So I don't want it to go in one of these other folders, so I am going to actually drag it into this part of the window here where it says move to Program Files, and I will Continue and authorize, and there it is. I will open this up, and there is eclipse.exe. I am going to pin it to the Start menu. Now, there it is in my Start menu. So I can close this window, I can close this window, and I no longer need this empty folder here. I will just go ahead and delete that.
Now it's time to start Eclipse. There is still quite a bit left to do here. I am accepting that and running it. I am going to accept the default location for my workspace. I am going to say use this as a default so you don't ask me again. And you can put your workspace wherever it makes sense for you. And now we are running Eclipse but it's not ready to use at all yet. First thing we need to do is we need to install Pydev. That's the development environment for Python. And under the Help menu, you will see there is a selection for Install New Software, and before we can even type something in here, we need to click on this Available Software Sites preferences and Add a new software site.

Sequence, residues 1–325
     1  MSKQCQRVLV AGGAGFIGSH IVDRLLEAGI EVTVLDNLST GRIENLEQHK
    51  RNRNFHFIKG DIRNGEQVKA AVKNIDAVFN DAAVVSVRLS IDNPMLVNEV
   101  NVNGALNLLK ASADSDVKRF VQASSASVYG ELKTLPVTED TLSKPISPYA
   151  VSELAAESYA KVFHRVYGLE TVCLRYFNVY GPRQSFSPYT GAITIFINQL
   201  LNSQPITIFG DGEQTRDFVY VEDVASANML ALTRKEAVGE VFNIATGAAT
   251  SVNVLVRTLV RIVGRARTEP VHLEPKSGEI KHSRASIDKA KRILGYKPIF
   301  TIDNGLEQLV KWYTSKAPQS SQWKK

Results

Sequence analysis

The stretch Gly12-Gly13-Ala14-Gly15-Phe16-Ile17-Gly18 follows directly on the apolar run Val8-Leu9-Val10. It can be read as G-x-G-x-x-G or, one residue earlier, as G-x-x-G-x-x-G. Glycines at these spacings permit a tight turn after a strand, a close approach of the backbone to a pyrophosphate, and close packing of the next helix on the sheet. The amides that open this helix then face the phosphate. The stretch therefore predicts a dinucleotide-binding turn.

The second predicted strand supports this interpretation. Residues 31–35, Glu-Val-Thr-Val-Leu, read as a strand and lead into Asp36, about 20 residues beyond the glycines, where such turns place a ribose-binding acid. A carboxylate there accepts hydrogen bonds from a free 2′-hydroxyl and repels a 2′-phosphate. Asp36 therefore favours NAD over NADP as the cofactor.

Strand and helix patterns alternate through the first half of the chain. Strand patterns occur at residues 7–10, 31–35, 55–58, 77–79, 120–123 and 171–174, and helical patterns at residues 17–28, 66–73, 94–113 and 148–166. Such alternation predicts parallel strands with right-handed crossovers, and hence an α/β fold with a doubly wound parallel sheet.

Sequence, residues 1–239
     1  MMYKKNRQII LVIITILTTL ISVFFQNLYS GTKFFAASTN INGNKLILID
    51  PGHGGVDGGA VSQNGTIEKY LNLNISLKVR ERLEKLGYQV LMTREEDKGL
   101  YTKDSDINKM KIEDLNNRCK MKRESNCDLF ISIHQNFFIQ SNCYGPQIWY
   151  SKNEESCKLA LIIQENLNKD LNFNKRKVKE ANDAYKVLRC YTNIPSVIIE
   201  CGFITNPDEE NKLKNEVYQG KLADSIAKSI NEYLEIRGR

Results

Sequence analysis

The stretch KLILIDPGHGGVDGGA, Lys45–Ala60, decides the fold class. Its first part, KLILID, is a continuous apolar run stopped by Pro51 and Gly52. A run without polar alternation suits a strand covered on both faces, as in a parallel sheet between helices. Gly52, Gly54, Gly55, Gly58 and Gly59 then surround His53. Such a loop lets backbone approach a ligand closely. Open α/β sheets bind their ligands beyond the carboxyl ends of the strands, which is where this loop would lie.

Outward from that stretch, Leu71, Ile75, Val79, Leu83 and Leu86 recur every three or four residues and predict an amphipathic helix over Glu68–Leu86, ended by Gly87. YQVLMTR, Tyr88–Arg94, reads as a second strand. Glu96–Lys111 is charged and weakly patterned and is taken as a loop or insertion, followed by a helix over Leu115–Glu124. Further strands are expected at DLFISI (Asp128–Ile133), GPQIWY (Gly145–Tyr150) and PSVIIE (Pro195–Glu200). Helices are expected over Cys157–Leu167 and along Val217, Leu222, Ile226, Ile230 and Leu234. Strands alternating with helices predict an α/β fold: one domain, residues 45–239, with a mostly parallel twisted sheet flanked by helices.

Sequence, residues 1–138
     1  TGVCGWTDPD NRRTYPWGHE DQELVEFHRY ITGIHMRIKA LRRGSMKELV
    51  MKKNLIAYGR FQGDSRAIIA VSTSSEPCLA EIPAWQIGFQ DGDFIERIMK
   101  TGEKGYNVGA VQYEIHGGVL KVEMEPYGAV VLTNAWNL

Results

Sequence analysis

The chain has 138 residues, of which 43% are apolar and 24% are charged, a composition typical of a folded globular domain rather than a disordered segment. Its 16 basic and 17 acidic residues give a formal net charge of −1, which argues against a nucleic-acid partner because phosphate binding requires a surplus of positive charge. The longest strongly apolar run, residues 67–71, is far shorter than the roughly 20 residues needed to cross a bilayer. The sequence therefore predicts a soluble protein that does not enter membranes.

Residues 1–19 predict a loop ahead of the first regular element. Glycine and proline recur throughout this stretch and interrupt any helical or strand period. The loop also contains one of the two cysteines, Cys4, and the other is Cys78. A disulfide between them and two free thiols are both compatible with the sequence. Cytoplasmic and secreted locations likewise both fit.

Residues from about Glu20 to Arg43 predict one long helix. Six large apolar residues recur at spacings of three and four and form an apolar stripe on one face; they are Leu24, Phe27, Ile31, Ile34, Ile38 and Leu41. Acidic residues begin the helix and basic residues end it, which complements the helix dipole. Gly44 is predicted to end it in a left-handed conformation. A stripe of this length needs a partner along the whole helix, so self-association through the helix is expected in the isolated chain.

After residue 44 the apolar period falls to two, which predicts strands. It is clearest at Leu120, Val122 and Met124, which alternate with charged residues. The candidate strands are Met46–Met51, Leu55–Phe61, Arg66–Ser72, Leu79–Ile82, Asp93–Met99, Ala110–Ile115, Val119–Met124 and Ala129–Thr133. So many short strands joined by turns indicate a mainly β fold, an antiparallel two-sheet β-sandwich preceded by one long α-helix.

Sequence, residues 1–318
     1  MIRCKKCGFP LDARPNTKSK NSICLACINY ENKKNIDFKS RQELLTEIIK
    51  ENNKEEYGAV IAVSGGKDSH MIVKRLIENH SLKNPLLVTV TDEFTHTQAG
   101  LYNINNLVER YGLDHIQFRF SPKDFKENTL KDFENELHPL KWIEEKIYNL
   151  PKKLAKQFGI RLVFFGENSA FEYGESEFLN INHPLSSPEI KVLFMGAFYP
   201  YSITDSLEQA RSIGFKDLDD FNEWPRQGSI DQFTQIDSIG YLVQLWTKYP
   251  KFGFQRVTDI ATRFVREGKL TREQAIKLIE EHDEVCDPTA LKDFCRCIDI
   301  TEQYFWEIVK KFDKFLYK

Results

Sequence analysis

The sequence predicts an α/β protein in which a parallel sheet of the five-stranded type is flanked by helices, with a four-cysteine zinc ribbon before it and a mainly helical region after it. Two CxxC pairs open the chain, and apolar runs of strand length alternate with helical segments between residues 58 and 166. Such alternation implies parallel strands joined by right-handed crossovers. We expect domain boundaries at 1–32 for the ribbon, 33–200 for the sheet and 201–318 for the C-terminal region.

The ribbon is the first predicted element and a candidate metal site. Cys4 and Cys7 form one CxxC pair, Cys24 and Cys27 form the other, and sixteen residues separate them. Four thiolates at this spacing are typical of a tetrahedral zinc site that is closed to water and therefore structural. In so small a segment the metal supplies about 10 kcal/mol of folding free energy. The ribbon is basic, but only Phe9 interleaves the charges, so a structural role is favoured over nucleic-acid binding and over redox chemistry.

The URL for this is pydev.org/updates. We are going to call this Pydev, and say OK, and OK. Then up here, we can just start typing Pydev, and we will see that it comes up, so we select that, and it says Pending, and then we check on the one that says Pydev. You probably don't need this Mylyn Integration unless you know that you do, and if you are using Mylyn, by all means, go ahead and add that.
So now I am going to say Next, and it found it, and so I am going to select that and press Finish. And now it's installing the Pydev development environment for Python within Eclipse. Say OK to the unsigned content warning, and it is strongly recommended - it says so right there - that you restart Eclipse, and there is no reason not to, so we will just say OK. All right, we are getting closer. So now we have some configuring to do. We are going to open the Preferences, which is under the Window menu, and we are going to come down here to Pydev and click on the little arrow, and then you are going to click on Interpreter - Python, and we are going to need to add our Python interpreter.
So we will click New, and we will click Browse and remember where Python is. It's under the C drive and in Python 3.1, and there is our Python interpreter. Click Open, and we will just name this Python 3.1 and say OK. Now you will get this Selection Needed window. You just take the defaults and select OK Once you have all of this, you select OK, and this will take a few minutes. Now that you have configured the Python interpreter, you can create your first project.